For Schlafly, Trump, as a personality, is clearly a break from the moderately conservative Republican nominees of the last few elections like Romney and McCain, which is part of Trump’s appeal. His crudity, his bluntness, and his bouts of incoherence are signs of authenticity, of an utter refusal to submit to the sensibilities of liberal/leftist zeitgeist.

Who is the Tall, Dark Stranger there in My Living Room?[1]

In the days when it was a piece of furniture, TV was both the dark mahogany stranger in the house and the loyal companion, both threatening and familiar, something that seemed to control and something that seemed to transport. The mistake people today make is assuming that television audiences of 50 years ago were more naïve than they are today.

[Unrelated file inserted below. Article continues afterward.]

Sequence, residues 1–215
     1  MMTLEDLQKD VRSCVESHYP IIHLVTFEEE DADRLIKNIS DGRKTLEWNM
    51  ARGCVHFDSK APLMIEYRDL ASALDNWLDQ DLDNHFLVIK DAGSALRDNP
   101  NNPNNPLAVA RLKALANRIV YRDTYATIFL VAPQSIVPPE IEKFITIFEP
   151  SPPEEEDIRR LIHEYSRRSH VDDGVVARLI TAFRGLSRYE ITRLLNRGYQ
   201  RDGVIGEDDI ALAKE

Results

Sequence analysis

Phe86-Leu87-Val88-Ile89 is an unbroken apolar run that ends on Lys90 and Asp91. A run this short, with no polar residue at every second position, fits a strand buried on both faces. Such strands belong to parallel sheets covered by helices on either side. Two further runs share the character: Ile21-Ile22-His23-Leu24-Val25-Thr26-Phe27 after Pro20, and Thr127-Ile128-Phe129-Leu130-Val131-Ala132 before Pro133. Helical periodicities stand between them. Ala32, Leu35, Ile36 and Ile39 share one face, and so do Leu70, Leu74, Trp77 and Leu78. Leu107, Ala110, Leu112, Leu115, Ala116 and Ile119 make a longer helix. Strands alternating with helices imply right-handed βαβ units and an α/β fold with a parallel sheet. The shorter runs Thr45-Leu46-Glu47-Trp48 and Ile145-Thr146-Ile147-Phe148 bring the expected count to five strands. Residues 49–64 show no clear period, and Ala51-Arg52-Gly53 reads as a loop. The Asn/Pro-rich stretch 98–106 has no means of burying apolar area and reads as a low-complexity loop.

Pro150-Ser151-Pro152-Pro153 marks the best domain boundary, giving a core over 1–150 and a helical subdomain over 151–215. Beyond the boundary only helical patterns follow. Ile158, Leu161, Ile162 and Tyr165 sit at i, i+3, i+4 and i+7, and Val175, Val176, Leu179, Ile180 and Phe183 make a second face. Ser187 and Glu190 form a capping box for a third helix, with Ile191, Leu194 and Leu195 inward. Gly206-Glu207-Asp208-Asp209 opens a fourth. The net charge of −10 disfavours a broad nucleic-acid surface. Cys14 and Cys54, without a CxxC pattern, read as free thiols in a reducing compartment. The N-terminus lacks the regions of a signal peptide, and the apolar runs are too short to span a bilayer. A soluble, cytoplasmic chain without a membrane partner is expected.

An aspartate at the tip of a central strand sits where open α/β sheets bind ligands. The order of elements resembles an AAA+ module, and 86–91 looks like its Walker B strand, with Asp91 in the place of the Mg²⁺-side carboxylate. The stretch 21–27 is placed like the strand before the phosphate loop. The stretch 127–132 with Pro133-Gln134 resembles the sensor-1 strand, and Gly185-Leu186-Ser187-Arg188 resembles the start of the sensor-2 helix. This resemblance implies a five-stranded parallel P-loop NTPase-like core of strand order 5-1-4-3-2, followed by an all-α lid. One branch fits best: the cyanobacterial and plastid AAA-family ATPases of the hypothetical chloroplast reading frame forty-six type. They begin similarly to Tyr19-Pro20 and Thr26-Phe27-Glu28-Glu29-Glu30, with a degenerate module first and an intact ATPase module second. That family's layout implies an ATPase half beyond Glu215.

Why I Am Not a Liberal

In There Goes My Social Life Dash believes she can see outside herself because she has placed herself outside the mainstream of her racial group by being a conservative Republican. But this move has given her distance, not perspective.

Tales of the Fight Game

Both the LeDoux and Inoki fights are mere footnotes on Muhammad Ali’s athletic resume. Yet Paul Levy’s biography of LeDoux, The Fighting Frenchman, and Josh Gross’s exhaustive account of Ali vs. Inoki, give readers another way of looking at fights that elevated their importance, if not for Ali, then for the men who opposed him in these bouts.

Horns On Film

Twenty films on, and about, jazz hit every note in the genre. And then some.

Winning is the Only Thing